E-mail this article to
yourself or a friend.
Enter address:


American Corn Growers co-sponsor global wind energy conference, promote year-round renewable energy crop

(Sunday, March 28, 2004 -- CropChoice news) -- From a news release:

Contact: Dan McGuire (402) 770-5237
Keith Bolin (815) 878-3975

CHICAGO -- As the 2004 corn crop is about to be planted in Illinois, farmers are looking at another new crop that can be harvested around the clock, year round. Wind energy offers a new income stream for farmers and major economic development opportunities for rural communities.

"As members of the American Wind Energy Association (AWEA), the American Corn Growers Foundation (ACGF) and the American Corn Growers Association (ACGA) are pleased to be a major sponsor of the Global WINDPOWER 2004 Conference and Exhibition in Chicago," says Dan McGuire, CEO of the ACGF. "Our Wealth From The Wind educational program delivers wind energy information to rural America and we can’t imagine a better location for this conference than right here in Chicago, the windy city, and in Illinois, the heart of corn country."

"Getting information to farmers and rural leaders is essential and this AWEA conference provides a tremendous opportunity," said McGuire. "Our agricultural outreach work is partially underwritten by the W.K. Kellogg Foundation, The Energy Foundation and the Wind Powering America program of the U.S. Department of Energy and National Renewable Energy Laboratory. We thank all of them for their support and salute AWEA for its vision and industry leadership."

Keith Bolin, ACGA vice president from Manlius, Ill., and a school board member of the Bureau Valley High School District, is attending Global WINDPOWER 2004. Bolin is leading the effort for the district to buy its own wind turbine. "Our wind project could mean as much as $100,000 a year in energy savings, so wind power will help us help our kids as we save that money and put it into education where it belongs," said Bolin. "The Illinois Clean Energy Community Foundation (ICECF) has provided a $331,000 grant to the school district toward the estimated $1 million turbine cost. The ICECF has helped us get this project going and we’re currently looking for additional grant funding to make this exciting opportunity a reality."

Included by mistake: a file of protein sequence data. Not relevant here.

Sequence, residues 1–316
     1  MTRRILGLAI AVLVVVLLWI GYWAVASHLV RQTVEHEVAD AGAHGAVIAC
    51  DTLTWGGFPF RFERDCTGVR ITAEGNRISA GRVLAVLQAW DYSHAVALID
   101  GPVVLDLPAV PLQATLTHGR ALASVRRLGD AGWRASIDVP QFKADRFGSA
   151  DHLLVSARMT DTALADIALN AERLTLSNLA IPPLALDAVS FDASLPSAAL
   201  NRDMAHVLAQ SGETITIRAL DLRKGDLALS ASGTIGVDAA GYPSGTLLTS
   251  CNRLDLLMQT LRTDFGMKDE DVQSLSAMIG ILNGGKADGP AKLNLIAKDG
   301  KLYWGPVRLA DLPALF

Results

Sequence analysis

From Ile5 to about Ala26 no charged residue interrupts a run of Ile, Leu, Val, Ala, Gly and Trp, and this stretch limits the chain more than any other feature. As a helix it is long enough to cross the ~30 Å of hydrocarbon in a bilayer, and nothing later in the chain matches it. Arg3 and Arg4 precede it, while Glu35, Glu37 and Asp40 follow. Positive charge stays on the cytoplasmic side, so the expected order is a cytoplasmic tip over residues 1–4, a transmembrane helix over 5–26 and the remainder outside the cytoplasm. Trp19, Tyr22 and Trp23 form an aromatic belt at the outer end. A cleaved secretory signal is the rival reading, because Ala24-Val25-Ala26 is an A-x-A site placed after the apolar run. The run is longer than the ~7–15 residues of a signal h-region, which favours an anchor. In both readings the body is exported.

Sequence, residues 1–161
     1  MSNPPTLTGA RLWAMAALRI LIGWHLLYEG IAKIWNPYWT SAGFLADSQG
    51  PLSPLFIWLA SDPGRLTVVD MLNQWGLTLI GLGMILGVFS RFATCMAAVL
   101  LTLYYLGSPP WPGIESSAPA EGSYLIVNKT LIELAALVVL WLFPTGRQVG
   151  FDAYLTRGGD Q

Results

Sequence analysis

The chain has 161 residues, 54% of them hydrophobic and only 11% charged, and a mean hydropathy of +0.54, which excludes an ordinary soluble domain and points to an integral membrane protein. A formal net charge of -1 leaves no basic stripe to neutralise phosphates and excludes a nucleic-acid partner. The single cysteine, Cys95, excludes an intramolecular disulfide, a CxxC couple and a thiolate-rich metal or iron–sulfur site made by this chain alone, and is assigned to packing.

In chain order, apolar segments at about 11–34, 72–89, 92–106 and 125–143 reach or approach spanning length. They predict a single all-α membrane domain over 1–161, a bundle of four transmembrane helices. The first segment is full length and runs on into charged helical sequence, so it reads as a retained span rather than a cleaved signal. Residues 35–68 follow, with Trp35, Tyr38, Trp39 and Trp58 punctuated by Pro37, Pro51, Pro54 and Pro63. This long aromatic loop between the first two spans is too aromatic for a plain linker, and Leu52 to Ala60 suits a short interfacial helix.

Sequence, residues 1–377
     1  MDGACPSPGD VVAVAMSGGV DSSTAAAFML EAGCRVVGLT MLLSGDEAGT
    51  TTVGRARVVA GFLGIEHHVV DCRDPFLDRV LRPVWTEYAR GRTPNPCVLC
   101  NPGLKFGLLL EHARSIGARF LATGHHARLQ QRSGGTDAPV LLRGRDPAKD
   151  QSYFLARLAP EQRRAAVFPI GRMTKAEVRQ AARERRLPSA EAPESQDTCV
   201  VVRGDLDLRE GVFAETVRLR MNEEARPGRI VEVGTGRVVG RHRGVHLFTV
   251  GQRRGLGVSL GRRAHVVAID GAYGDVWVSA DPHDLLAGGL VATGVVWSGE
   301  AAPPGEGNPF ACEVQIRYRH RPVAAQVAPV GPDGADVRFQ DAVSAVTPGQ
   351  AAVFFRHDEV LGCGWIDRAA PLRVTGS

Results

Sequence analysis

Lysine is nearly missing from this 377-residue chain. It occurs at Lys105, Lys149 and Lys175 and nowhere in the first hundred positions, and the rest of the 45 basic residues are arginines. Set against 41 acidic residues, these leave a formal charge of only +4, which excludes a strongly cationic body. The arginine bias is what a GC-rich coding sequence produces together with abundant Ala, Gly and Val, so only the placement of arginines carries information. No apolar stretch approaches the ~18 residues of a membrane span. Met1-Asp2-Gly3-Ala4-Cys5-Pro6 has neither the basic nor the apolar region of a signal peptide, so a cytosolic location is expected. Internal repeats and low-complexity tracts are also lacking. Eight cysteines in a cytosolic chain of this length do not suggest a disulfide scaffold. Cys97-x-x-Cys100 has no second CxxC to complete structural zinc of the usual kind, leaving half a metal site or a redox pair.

The National Conference of State Legislatures says the largest source of local revenue from wind farms is property taxes, and the biggest beneficiary of this revenue is usually school districts. Farmers and landowners can invest in owning wind turbines through coops and limited liability corporations, or they can lease their land to developers for an annual lease payment.

"Corn prices are relatively strong now but normal world production can drive them back into the tank," says McGuire. "We have to look at long term alternatives for rural America. Wind turbines are like a combine running at about 200 feet in the air, harvesting clean, renewable energy around the clock. The economic benefits to schools, states and this country make it a wind-win-win."

As the Global WINDPOWER 2004 Conference is underway in Chicago, the American Corn Growers Association, with the Alliance For Rural America (ARA) is conducting its Sixth Rural Energy Issues Conference in Washington, D.C. this week. "The ACGA, ARA and the American Agricultural Wind Coalition (AAWC) are promoting key energy issues on Capitol Hill, including extension of the wind energy Production Tax Credit (PTC)," said Larry Mitchell, CEO of the ACGA. "Rural America needs a comprehensive energy policy and Congress needs to get that wind PTC extended so the U.S. wind industry’s boom-and-bust cycle is a thing of the past."